14 June 2012

Drawers of ideas and the privilege of the a priori

The Public Policy Forum today hosted a Leadership Roundtable on Canada's Global Science, Technology and Innovation Priorities, sponsored by DFAIT, which I was fortunate to attend. The discussion was excellent and focused on how Canada can better position itself internationally to enable soft landings - both outbound and in coming - for Canadian business to realize international markets as well as to link international businesses to Canadian contexts, linking to our world-leading S&T capacity. This capacity is reflected in our leading university research facilities, our college and  polytechnic applied research capacity, and the conjoint post-secondary training ground that makes us the world leader in producing highly qualified and skilled personnel (i.e. graduates) for the innovation economy.

Greater integration of our capabilities as a country will enable us to better sell Canada as an investment destination. This is the notion of complementarity and the need to better connect the academic enterprise with industry. We can call this P3RD - the public+private partnership model for R&D. In my last post on this, P3RD: Public Private Partnerships in Research and Development, I outlined the notion of what in my title today I refer to as the privilege of the a priori:
the privileging of basic research over applied research in Canada - of the theoretical over the practical or commercialization aspects of R&D - can be read as a symptom of our collective historical identity as "hewers of wood and drawers of water". Basic research sans commercialization is just one more example of how Canada exports raw commodities (ideas) without adding value (commercialization of these ideas). To move past raw commodity exports and adding value through product design is key to Canada's future productivity, and P3RD - which the recent budget explicitly promotes - is a positive path to follow in this regard.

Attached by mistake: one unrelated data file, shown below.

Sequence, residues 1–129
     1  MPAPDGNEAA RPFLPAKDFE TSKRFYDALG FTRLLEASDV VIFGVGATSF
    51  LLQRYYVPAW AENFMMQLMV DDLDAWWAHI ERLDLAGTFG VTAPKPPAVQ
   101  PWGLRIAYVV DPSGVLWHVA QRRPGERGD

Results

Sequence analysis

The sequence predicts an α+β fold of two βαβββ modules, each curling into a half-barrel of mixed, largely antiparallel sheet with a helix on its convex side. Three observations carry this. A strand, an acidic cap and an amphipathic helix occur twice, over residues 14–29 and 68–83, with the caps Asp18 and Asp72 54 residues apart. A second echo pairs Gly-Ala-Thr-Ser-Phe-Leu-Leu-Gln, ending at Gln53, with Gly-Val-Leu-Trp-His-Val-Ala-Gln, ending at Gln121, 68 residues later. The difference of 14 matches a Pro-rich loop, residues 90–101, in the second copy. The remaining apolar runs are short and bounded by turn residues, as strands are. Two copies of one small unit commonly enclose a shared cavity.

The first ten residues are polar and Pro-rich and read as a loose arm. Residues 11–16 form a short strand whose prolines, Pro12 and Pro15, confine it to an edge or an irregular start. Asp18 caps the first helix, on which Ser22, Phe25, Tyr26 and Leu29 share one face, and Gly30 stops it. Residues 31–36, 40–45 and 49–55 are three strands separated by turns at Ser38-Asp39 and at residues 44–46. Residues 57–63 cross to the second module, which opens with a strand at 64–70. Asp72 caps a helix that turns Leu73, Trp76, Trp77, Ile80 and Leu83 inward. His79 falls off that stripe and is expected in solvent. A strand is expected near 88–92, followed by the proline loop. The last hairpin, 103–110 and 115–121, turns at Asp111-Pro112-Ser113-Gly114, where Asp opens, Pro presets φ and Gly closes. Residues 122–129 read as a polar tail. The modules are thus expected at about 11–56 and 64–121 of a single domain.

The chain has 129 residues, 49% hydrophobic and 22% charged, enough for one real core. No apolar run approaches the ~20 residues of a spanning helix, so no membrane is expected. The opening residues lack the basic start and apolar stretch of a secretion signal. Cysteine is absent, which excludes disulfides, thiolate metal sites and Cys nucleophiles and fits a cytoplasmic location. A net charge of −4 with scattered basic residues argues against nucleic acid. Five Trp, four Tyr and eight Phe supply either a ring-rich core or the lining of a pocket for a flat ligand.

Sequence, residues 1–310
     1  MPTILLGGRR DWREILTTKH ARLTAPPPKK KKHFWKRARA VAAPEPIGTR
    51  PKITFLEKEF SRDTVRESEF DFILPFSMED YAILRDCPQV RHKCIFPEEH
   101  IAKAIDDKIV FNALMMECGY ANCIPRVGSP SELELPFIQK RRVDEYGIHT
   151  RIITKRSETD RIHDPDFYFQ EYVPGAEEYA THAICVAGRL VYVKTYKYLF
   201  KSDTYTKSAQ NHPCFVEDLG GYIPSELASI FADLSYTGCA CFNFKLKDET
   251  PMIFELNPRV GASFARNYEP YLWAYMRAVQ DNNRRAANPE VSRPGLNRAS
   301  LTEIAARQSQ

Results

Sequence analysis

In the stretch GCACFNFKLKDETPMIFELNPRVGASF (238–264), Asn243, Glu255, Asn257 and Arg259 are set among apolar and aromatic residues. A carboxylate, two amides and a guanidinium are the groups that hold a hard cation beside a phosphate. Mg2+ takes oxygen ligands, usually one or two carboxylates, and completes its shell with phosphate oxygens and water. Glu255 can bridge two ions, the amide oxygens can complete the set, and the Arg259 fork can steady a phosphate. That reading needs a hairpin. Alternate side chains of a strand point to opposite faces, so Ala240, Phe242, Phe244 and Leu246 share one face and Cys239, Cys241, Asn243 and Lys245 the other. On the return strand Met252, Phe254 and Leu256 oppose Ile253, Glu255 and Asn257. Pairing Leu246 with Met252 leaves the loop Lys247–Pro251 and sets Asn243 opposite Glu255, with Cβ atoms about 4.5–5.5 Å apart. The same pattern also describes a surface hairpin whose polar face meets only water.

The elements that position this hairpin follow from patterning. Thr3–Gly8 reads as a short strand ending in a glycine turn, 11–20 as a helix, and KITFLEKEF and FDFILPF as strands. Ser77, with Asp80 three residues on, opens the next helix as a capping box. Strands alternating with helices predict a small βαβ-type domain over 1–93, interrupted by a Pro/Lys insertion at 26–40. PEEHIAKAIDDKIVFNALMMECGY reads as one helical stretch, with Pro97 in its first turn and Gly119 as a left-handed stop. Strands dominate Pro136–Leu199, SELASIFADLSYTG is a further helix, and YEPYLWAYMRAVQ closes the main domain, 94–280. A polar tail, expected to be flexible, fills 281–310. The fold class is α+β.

In this sense Canada is also a drawer of ideas - we come up with good ideas but leave it to others to commercialize. Ideas are just another basic resource that we draw from the land and export without adding value.

[Aside]I am reminded of the Roman poet Horace who, among other  things, said that the poet should put a poem away in a drawer for nine years before bringing it back to see if it is still good. Perhaps we have been too focused on the idea of putting things away (in publications) - drawing ideas, putting them away in drawers.You get the idea. Another thing Horace said is instructive to our discussion about instrumentality: "Mix pleasure and profit, and you are safe." This relates well to the need to mix the academic and industry communities - where applicable - for Canadian productivity and innovation capacity. [/Aside]

The timing of this roundtable was excellent, particularly given the OECD's release yesterday of Canada's country report. The report says that "Canada needs to boost innovation and human capital to sustain living standards," and offers more fodder to the need for Canada to increase our innovation quotient. The Economic Survey of Canada 2012 makes many good points relating to Canada's innovation capacity and economic growth, including the advice that "Greater integration of technical, business, communications and industry training within tertiary programmes could contribute to innovation and improving graduate skills." This integration exemplifies the notion of people centred innovation, and is what George Brown College and other colleges and polytechnics are doing with regards to the integration of applied research in course curricula. This leads to students acquiring innovation literacy skills that are our hedge against future innovation capacity and potential for the economy. The OECD's Canada report and the idea of better integration of these components coincides with the recent launch of the OECD Skills Strategy. This is a good resource for anyone with an interest in innovation.

All told, the roundtable ended on a very optimistic note. Canada is in a much better place now than it was five years ago with respect to the capacity we have to leverage our basic and applied R&D capacity. We are much better now at linking with industry for common goals. And we have a much more refined sense of the innovation ecosystem and the complementary roles universities, colleges and industry play in improving Canada's innovation and productivity.

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